Dr. Field's research focuses on determining the optimal classification for eating disorders and obesity and identifying the modifiable causes, correlates, consequences, and course of overweight, weight gain, unhealthy eating patterns, bulimic behaviors, and eating disorders among children, adolescents, and adult women. She is a co-founder and former co-Director of the Growing Up Today Study (GUTS), which was established in 1996 to assess the predictors of dietary intake, activity, and weight gain among children and adolescents during a four year period. Her research within the study is primarily related to the epidemiology of weight gain, obesity, weight concerns, bulimic behaviors and eating disorders. She has published extensively on risk factors for developing bulimic behaviors and obesity among the youth in the cohort. Her early research on eating disorders focused on identifying the personal, peer, family, and media influences on starting to binge eating, purge, or develop an eating disorder. These studies were the first and the largest to investigate these associations prospectively. She found that dieting predicts both weight gain and developing disordered eating, which helped to draw attention to the fact that this common behavior among adolescent girls is a cause for concern. In addition, her research on parental influences has highlighted the role of fathers on eating disorders and weight concerns of adolescents.
She has a R01 from NIMH to investigate how eating disorders should be best classified. She has been using data from GUTS, as well as from youth in the Avon Longitudinal Study of Parents and Children (ALSPAC), a birth cohort in the United Kingdom, to investigate classification. She found that bulimia nervosa (BN) affected approximately 1% of adolescent females; however, another 2-3% purge but do not binge eat (i.e., purging disorder, PD) and another 2-3% binge eat but do not purge (i.e., binge eating disorder, BED). PD is much more common than BN, but is similar to BN in terms of being associated with greater risk of starting to use drugs (odds ratio (OR)=1.7) and starting to binge drink frequently (OR=1.8). She has also found that there is a wider range of presentations of eating disorders among males. She found that although BN and full criteria BED were uncommon among males, more than 7% of young adults males in GUTS were very concerned with muscularity and using potentially unhealthy products (such as Creatine, growth hormone, and steroids) to achieve their desired physique. Her recent paper in JAMA Pediatrics was the first large study to shows the distribution of a range of eating disorders in males and how they relate to the development of adverse outcomes.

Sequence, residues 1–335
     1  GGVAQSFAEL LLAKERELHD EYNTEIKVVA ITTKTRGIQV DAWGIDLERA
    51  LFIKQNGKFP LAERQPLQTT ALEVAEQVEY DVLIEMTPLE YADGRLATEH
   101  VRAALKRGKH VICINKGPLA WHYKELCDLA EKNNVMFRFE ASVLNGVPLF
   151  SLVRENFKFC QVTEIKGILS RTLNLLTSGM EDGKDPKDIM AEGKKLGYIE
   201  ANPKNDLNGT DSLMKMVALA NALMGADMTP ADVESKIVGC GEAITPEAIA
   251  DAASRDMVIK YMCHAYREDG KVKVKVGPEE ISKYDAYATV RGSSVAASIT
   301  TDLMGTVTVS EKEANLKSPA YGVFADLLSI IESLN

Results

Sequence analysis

She also has a R01 from the NIDDK to continue following the 10,442 participants in the GUTS II cohort to assess the independent and joint associations of intake of sugar-sweetened beverages (soda, sports drinks, energy drinks, and sweetened coffee drinks) and prepared foods with waist circumference, hypertension, BMI gain and the development of obesity. She has found that sports drinks are a strong predictor of weight gain among adolescent males and females. She is also interested in classification of obesity. In a Viewpoint that she published in JAMA, Dr. Field and her colleagues argued that in an era of personalized or precision medicine it would be prudent for obesity to be broken into meaningful subtypes in order to improve prevention and treatment outcomes. She is currently pursuing obesity classification research using a variety of samples of children, adolescents, and adults.
In addition to her research, Dr. Field is very involved in the Obesity Society. She is a former member of the Council and a former Chair of the Pediatric Section. Also, during her tenure on the Planning Committee (2008-2013) she established and grew a focus on policy, which is now a distinct track at the annual meeting. Currently she is on the Board of Managers of Obesity Week, a joint meeting of the Obesity Society and the American Society for Metabolic and Bariatric Surgery. She is also on the Scientific Committee of the Academy for Eating Disorders and Co-directs the Reproductive, Perinatal, and Pediatric Epidemiology area of interest at the Harvard School of Public Health. She is also involved in the Obesity Epidemiology and Prevention Concentration at the Harvard School of Public Health.
About Dr. Field
Alison Field received her ScD from Harvard School of Public Health. In addition to her appointment at Boston Children's Hospital, she is an Associate Professor in the Department of Epidemiology at the Harvard School of Public Health and an Associate Epidemiologist at Brigham and Women's Hospital.